The spiritual essence of beauty

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Ulrich Mohrhoff has just offered what I consider to be a very fine essay on this, debunking the scientistic claims of so many New Atheists and other materialists who deny any real significance or importance to this uniquely human-perceived quality. Though he is somewhat wordy he is profound, and here doesn't go off into the almost impenetrable and abstruse depths that he has usually resorted to in his essays.

Even though many scientists recognize the beauty of nature, they intellectually of course do not consider this to have any particular universal or spiritual significance. Not so Mohrhoff, or myself for that matter. From the essay:

Quote:"More recently (than the New Atheist expositions of the likes of Dawkins for instance), another series of extraordinarily successful books and articles have appeared concerning the advancement of scientific knowledge about the human brain: how it works and how it possesses (produces, accounts for) those mystifying capacities commonly known as consciousness, emotion, and creativity. Unlike those scientists and critics at war with religion, it is much less clear that these writers have an antagonist, but it is obvious that neuroscientists are trying to explain phenomena that until the last few decades were thought to be in the field of philosophy, the arts, and the humanities."

Mohrhoff remarks on the remarkable delight many scientists and science writers seem to take on the beauties of nature. He points out how inconsistent this is with the claims of scientism that such qualities of beauty are merely epiphenomena of the workings of the physical brain:


Quote:"If science writers were to be consistent, wouldn’t it make more sense for them say something more like: “That? That’s the Eagle Nebula. It’s nothing special. There are billions of nebulae. Some of them make stars, like we need more stars. We can barely see the ones we’ve got. Dazzling? I don’t know what you mean. It’s a nebula.” Wouldn’t that be more consistent with their assumption that everything is just a product?

— a product of physics, natural selection, brain chemistry or any other mechanical process. In other words:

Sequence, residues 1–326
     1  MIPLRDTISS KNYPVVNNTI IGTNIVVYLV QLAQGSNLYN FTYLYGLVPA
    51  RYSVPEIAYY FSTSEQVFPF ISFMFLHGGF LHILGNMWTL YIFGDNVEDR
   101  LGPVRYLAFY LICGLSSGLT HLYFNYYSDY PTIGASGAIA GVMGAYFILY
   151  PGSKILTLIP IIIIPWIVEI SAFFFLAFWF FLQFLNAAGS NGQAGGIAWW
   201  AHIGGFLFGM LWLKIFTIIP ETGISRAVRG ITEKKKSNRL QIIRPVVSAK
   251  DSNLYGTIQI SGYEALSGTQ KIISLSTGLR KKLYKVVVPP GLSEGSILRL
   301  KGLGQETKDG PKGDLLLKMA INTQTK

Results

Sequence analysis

There is an unacknowledged system of extra-scientific value at work that science refuses to take responsibility for, either because it is unaware of the presence of the system or because it doesn’t wish to disturb its own dogmatic slumber."


Quote:Where the greatest and most powerful creation of beauty is accomplished and its appreciation and enjoyment rise to the highest pitch, the rational is always surpassed and left behind. The creation of beauty in poetry and art does not fall within the sovereignty or even within the sphere of the reason. The intellect is not the poet, the artist, the creator within us; creation comes by a suprarational influx of light and power which must work always, if it is to do its best, by vision and inspiration.

Genius, the true creator, is always suprarational in its nature and its instrumentation even when it seems to be doing the work of the reason; it is most itself, most exalted in its work, most sustained in the power, depth, height and beauty of its achievement when it is least touched by, least mixed with any control of the mere intellectuality and least often drops from its heights of vision and inspiration into reliance upon the always mechanical process of intellectual construction."

Mohrhoff quotes Sri Aurobindo in the conclusion:

Quote:"The conscious appreciation of beauty reaches its height of enlightenment and enjoyment not by analysis of the beauty enjoyed or even by a right and intelligent understanding of it, — these things are only a preliminary clarifying of our first unenlightened sense of the beautiful,— but by an exaltation of the soul in which it opens itself entirely to the light and power and joy of the creation. The soul of beauty in us identifies itself with the soul of beauty in the thing created and feels in appreciation the same divine intoxication and uplifting which the artist felt in creation.

(The search for beauty) is in truth seeking, as in religion, for the Divine, the All-Beautiful in man, in nature, in life, in thought, in art; for God is Beauty and Delight hidden in the variation of his masks and forms. When, fulfilled in our growing sense and knowledge of beauty and delight in beauty and our power for beauty, we are able to identify ourselves in soul with this Absolute and Divine in all the forms and activities of the world and shape an image of our inner and our outer life in the highest image we can perceive and embody of the All-Beautiful, then the aesthetic being in us who was born for this end, has fulfilled himself and risen to his divine consummation. To find highest beauty is to find God; to reveal, to embody, to create, as we say, highest beauty is to bring out of our souls the living image and power of God."
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